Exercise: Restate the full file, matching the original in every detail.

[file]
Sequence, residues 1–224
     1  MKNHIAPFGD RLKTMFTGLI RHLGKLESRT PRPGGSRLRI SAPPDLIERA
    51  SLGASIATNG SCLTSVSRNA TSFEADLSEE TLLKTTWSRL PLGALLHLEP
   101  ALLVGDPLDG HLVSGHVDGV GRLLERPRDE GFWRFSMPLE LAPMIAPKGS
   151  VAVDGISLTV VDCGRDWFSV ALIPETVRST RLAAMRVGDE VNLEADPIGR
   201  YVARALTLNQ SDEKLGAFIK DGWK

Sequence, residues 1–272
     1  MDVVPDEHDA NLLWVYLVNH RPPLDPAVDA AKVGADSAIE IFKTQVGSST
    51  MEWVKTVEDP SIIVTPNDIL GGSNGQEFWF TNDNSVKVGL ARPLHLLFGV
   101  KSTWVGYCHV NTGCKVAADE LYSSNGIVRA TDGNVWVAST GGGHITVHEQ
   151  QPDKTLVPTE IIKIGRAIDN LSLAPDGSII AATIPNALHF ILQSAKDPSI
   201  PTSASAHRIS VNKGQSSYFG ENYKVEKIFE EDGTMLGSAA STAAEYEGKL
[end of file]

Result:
Sequence, residues 1–224
     1  MKNHIAPFGD RLKTMFTGLI RHLGKLESRT PRPGGSRLRI SAPPDLIERA
    51  SLGASIATNG SCLTSVSRNA TSFEADLSEE TLLKTTWSRL PLGALLHLEP
   101  ALLVGDPLDG HLVSGHVDGV GRLLERPRDE GFWRFSMPLE LAPMIAPKGS
   151  VAVDGISLTV VDCGRDWFSV ALIPETVRST RLAAMRVGDE VNLEADPIGR
   201  YVARALTLNQ SDEKLGAFIK DGWK

Sequence, residues 1–272
     1  MDVVPDEHDA NLLWVYLVNH RPPLDPAVDA AKVGADSAIE IFKTQVGSST
    51  MEWVKTVEDP SIIVTPNDIL GGSNGQEFWF TNDNSVKVGL ARPLHLLFGV
   101  KSTWVGYCHV NTGCKVAADE LYSSNGIVRA TDGNVWVAST GGGHITVHEQ
   151  QPDKTLVPTE IIKIGRAIDN LSLAPDGSII AATIPNALHF ILQSAKDPSI
   201  PTSASAHRIS VNKGQSSYFG ENYKVEKIFE EDGTMLGSAA STAAEYEGKL